Okay, Romney's Romney, and as a symbol of America's Gini coefficient you couldn't do much better. But sometimes a guy with a Swiss bank account just needs somewhere to cash his damn paycheck (actually, Switzerland has an operable electronic payment system like much of the rest of the world, so, there are no checks and if you take one to the bank, you get funny looks, and they have to go behind the counter to read the operations handbook to find out what the hell do do with it, and it takes sixty days to cash because the process for clearing it involves putting it on a boat, but that's a different story), and all the "hurf durf swiss bank account" noise really only has the effect of making it far less likely for me and those like me to jump through all the hoops necessary to vote for Obama (this is also a sore point -- if you're going to take taxes on money that's already taxed in my country of residence, you should at least make it somewhat easy for me to pretend I have a say in how it is spent).

Rather, the rule is that if you renounce your citizenship, the IRS assumes it's for tax purposes and imposes an expatriation tax, treating your entire net worth as income for the year in which you renounced. And you still have to pay income taxes for the next ten years.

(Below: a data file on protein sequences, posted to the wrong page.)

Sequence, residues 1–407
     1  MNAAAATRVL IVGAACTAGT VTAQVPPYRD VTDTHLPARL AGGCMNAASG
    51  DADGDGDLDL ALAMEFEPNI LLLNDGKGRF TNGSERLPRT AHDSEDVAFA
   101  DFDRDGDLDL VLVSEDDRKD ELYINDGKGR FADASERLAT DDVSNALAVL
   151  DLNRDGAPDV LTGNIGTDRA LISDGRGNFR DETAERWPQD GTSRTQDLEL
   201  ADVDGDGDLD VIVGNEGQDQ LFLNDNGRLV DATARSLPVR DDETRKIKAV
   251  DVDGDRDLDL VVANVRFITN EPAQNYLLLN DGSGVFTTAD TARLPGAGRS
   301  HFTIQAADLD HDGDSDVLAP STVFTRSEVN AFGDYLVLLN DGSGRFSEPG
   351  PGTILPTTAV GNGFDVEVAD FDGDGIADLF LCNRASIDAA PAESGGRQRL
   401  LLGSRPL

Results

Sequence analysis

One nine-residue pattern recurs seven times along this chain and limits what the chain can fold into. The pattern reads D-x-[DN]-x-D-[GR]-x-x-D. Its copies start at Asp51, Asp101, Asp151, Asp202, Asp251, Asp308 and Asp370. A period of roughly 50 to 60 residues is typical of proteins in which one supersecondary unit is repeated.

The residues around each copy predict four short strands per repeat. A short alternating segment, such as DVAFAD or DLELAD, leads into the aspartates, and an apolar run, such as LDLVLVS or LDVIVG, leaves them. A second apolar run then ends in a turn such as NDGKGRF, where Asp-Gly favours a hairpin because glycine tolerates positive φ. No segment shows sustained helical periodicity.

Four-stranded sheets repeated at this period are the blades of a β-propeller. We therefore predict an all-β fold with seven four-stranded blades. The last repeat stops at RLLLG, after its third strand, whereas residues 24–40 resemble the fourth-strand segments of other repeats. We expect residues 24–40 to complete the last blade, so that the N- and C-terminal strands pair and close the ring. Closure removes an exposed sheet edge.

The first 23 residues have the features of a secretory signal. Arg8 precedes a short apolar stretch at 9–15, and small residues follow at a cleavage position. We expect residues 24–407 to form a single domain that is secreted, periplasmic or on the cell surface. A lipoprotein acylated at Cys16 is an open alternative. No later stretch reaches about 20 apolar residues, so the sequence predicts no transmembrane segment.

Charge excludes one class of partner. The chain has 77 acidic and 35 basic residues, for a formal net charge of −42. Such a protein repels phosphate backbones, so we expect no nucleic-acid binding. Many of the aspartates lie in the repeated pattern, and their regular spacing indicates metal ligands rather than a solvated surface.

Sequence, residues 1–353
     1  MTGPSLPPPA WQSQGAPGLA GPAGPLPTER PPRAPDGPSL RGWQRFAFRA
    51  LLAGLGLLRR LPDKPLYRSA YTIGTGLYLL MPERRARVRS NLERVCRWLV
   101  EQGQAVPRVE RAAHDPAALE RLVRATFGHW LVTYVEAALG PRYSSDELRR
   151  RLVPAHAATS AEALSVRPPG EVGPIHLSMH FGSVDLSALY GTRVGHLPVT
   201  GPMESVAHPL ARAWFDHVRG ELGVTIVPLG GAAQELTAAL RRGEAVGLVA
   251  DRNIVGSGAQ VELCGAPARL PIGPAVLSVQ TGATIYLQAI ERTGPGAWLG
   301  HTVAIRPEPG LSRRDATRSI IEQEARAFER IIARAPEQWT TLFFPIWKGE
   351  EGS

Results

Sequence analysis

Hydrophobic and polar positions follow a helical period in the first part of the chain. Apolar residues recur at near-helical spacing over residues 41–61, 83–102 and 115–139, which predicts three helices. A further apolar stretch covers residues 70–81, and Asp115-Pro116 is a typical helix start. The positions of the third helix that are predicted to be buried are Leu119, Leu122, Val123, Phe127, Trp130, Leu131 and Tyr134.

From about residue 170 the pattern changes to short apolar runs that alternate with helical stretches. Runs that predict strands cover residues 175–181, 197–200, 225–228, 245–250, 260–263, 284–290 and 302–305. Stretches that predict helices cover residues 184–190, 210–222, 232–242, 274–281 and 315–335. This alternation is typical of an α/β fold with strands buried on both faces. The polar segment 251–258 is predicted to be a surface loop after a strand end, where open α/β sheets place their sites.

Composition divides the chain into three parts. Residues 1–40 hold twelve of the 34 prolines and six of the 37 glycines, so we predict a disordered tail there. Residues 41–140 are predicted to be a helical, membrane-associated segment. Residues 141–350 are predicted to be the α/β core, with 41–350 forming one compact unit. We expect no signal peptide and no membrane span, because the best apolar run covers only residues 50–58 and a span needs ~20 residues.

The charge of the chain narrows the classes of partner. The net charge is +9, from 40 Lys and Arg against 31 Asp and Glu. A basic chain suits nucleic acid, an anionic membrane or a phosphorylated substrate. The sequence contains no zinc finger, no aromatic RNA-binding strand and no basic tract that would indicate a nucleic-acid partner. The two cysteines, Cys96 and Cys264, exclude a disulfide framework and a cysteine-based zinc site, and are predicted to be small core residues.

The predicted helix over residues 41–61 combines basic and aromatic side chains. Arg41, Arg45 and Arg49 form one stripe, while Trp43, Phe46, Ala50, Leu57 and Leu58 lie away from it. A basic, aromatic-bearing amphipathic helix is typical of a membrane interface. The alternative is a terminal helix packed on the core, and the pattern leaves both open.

The effect of American tax policy is (1) to incent citizens living abroad to renounce and (2) to incent renouncers not to set foot in the country for seventeen years (ten for the continuing tax liability and seven for the statute of limitations to run out on failure to file).
posted by Vetinari at 2:37 AM on July 16, 2012 [2 favorites]


That leaves a lot of people who are ignorant of the law,

What Vetinari said. Plus there are those who earn less than the $92,900 exclusion (doubled, if the spouse works), but who wrongly assume that no liability means they do not have to file.

And if she did move to the USA, they might get her to file back taxes with her first real return, but unless it turned out she owed a bunch (unlikely for a normal person) it would never be a problem.

Sadly, I wouldn't put much faith in the word of an IRS hotline- the IRS in general is notorious for giving out as many different POVs as there are advisers. Not only back taxes, but some whopping penalties and fines (tens of thousands of dollars, even for normal people). She might want to talk to an accountant there who deals with American expats, especially if she thinks she might want to come her long term.